This separation of the colors along the color wheel is very important. A good color change sapphire may go from violetish blue to reddish purple, while a good alexandrite leaps from reddish-purple to bluish-green, hence the alexandrite is much more famous and sought after for its more dramatic color change.

Grading Color Change

Color change gems are graded in incandescent light and then daylight. The degree or strength of the color change is graded as

  • Strong
  • Moderate
  • Weak

If the color change is weak, it will have little effect on the value, while if it is strong, it can greatly increase the value in an otherwise fine and rare gem.

Saturation and Hue

The saturation or intensity of the two colors has a very significant effect on the desirability of the color change gem. Hues like bluish green or blue green to purplish red or purple red are the most desirable.

The colors of alexandrites from Brazil, Russia, and Africa are usually of moderately strong saturation. Extra fine and museum quality specimens may achieve strong hues. The colors in our example above might be described as medium slightly grayish reddish purple or medium grayish bluish-green.

Sri Lanka produces some very large alexandrites with a moderate to strong color change, but also with a noticeable brownish overtone resulting in a change that is less desirable. These brownish looking stones are much less valuable than smaller gems from other locales with brighter colors.

Faceted color change gems are graded for clarity and cut just as are other faceted gems. We combine color change, clarity, and cut to establish an "Overall Quality Grade."

Iridescence / Labradorescence

iridescence-labradorescence-example.jpg

Optical phenomena of rainbow color effects, somewhat like oil on water, are caused by the interference of light by structures within the gem materials. Labradorite, a variety of orthoclase feldspar, fire agate (above), mother of pearl, and iris agate exhibit this phenomenon. The orient of pearls is a related effect. These effects are not usually graded but described according to color, strength, coverage and overall appeal.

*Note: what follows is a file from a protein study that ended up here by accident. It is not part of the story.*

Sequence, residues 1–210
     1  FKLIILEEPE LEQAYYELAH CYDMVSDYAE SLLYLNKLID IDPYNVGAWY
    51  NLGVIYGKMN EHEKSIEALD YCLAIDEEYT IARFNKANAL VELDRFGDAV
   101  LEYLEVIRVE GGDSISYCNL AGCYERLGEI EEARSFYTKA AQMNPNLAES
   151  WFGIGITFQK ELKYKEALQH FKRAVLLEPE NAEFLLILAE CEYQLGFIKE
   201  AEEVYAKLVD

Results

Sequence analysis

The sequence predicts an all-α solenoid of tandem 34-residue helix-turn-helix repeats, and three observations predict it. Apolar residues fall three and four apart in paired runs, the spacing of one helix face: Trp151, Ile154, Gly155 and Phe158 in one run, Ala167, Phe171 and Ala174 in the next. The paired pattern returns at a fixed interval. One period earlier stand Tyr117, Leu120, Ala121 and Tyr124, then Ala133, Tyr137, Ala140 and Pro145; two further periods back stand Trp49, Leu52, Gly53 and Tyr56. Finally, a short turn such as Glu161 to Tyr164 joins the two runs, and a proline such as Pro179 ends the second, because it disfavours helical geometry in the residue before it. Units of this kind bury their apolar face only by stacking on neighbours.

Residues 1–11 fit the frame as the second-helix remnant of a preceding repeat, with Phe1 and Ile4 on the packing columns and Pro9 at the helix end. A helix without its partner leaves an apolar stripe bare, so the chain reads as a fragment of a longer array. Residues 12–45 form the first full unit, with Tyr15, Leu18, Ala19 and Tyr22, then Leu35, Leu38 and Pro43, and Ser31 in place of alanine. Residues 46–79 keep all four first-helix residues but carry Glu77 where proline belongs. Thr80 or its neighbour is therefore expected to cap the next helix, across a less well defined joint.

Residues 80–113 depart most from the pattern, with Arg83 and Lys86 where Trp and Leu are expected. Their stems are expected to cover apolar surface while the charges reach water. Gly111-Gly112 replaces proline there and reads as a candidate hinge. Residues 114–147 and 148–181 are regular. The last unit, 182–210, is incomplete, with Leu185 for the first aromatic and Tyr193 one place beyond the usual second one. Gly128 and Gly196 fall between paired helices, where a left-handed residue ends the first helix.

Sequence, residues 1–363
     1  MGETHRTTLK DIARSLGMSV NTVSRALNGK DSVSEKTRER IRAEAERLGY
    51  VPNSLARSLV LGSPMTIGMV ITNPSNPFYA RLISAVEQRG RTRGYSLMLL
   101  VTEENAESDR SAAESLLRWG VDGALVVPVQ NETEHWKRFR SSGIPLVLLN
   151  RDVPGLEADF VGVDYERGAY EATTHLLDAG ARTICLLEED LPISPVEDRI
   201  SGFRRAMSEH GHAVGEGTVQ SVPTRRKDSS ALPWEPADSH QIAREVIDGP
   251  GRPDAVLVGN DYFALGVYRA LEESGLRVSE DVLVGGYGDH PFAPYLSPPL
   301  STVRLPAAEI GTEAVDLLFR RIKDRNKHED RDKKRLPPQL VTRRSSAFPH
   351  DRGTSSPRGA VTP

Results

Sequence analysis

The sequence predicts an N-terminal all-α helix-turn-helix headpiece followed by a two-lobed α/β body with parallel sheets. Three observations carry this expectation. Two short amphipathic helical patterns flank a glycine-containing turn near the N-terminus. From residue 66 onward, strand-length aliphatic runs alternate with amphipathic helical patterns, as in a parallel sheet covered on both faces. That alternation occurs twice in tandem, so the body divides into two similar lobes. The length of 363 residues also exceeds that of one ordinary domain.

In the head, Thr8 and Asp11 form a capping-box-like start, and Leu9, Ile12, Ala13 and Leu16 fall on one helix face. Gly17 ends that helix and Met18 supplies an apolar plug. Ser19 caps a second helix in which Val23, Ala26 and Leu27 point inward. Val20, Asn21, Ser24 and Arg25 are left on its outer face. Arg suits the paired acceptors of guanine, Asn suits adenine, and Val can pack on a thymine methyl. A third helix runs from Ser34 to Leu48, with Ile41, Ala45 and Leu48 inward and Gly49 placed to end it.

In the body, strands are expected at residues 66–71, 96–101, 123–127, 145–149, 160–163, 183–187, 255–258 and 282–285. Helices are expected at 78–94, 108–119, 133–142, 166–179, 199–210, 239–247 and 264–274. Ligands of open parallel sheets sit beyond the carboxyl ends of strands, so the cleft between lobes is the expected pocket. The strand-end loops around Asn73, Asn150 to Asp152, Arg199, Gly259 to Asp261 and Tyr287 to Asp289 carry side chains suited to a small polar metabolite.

Grading Opals

Intro

Play-of-color is an unique optical phenomenon produced by the internal structures of certain opal types that interact with light to create an intense display of spectral colors in patterns that can change and shift dramatically as the stone or viewpoint moves.

Opal with play-of-color is the most beautiful and valuable variety of opal, and is sometimes referred to as "Precious Opal". Play-of-color is the most significant factor in the value of an opal and is graded by brightness, dominant and combined colors, pattern, and coverage/directionality.

Opals, normally cabochon cut, are graded by the same general principles as faceted gems, but call for terminology unique to opal. Opal may be sold by carat weight or by the piece, depending on type and quality.

When we grade opal, we are referring to opal with play-of-color. We grade an opal by first identifying its type.

Quality Grade

We grade the combined effects of brightness, pattern, colors, coverage and directionality, and cut, as well as rarity, with a description and score of 1-10, 10 being best.

Since play-of-color is the dominant feature, we start there and then apply adjustments for cut and polish. Cut is less important in grading opals than for transparent faceted gemstones. So, a stone graded 9 for play-of-color could have only good cut grading and still be considered Extra Fine 9.